The impact of fire and forest conversion into savanna on the bird communities of west Madagascan dry forests
Pons, P.; Wendenburg, C.
Animal Conservation 8(2): 183-193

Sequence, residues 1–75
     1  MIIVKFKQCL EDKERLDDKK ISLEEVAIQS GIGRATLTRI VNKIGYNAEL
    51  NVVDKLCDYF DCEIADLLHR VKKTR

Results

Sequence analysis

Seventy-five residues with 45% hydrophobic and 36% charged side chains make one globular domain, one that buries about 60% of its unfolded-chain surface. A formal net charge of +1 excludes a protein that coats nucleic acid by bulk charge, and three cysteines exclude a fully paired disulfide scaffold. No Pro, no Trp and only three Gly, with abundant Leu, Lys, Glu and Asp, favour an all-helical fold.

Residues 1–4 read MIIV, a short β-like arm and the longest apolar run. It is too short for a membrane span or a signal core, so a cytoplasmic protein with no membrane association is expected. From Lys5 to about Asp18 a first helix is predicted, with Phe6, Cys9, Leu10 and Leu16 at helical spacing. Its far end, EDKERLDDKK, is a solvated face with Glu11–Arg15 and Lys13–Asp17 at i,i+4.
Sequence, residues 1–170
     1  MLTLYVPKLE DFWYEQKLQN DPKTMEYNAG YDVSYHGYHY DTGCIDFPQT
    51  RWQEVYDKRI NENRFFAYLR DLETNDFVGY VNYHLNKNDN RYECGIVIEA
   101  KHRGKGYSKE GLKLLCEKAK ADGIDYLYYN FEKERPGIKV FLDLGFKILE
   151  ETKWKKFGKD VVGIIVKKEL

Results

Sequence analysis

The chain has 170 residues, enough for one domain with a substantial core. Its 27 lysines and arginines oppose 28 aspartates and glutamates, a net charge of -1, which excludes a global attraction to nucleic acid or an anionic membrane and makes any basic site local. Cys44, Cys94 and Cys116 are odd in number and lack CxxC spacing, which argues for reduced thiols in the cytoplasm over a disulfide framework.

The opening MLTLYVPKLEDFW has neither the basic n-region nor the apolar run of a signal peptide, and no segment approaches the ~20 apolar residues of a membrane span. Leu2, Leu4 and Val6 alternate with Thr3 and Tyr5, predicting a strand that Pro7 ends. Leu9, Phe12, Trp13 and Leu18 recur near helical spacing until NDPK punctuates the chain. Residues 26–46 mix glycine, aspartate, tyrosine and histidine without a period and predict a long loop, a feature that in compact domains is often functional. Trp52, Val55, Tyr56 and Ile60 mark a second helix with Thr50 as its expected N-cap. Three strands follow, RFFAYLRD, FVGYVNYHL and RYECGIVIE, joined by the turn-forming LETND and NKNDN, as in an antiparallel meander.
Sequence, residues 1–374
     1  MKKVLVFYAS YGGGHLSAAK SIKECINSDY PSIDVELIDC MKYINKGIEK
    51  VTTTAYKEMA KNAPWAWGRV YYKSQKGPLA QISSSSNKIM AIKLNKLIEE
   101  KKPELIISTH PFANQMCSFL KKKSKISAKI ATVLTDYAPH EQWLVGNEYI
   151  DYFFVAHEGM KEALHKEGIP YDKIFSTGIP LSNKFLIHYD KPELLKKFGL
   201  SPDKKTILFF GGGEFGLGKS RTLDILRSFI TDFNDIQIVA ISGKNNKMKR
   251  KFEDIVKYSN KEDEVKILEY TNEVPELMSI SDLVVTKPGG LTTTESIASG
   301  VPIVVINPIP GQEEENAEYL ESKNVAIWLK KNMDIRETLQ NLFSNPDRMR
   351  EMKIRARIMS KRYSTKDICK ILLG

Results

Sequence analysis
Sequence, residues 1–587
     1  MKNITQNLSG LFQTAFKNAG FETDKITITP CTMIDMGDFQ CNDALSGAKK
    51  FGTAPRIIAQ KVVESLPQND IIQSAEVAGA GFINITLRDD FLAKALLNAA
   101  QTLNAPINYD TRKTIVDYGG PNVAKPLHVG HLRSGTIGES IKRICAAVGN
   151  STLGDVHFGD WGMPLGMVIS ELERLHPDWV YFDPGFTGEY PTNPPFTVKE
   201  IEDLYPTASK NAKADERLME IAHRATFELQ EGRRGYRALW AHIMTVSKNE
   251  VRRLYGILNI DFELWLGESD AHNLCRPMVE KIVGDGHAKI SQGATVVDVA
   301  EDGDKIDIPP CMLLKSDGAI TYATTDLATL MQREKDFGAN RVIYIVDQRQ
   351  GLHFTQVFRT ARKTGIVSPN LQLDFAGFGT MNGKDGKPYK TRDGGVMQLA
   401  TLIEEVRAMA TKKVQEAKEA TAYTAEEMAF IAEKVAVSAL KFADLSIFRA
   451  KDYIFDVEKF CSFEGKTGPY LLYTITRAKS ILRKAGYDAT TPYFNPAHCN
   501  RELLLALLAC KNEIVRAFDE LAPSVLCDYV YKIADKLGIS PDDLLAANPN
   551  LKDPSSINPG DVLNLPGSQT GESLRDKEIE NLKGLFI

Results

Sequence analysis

We studied the influence of vegetation structure and tree phenology on bird communities along a gradient of tropical forest degradation in NW Madagascar. Birds were censused by point counts at Ankarafantsika, one of the largest remnants of the severely reduced dry deciduous forest. The original forest was dominated by foliage insectivores. A few years after wildfire, regrowth was dense, most forest bird species were still present and additional understorey species appeared. As a result, species richness and abundance per point count increased. In contrast, when forest was transformed into savanna, the avian assemblage became poor, dominated by granivores and aerial insectivores, with only seven species shared with the original forest. Foliage volume, grass volume and bare ground cover explained most of the bird community variation by means of canonical correspondence analysis. Birds tended to increase their habitat breadth along the forest-savanna gradient. An index of bird conservation value, including abundance, endemism and the threatened status of the species, was highest in burned forests (1.12), intermediate in unburned forests (1) and lowest in savanna (0.44). The results emphasise the urgent need to protect not only the undisturbed fragments, but also the burned dry forests, because of their high value for biodiversity.